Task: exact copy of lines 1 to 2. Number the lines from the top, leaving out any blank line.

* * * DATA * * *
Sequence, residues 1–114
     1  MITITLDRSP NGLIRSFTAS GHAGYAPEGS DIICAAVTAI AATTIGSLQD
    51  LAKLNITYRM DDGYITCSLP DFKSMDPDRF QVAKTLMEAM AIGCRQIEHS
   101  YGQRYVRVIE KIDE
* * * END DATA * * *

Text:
Sequence, residues 1–114
     1  MITITLDRSP NGLIRSFTAS GHAGYAPEGS DIICAAVTAI AATTIGSLQD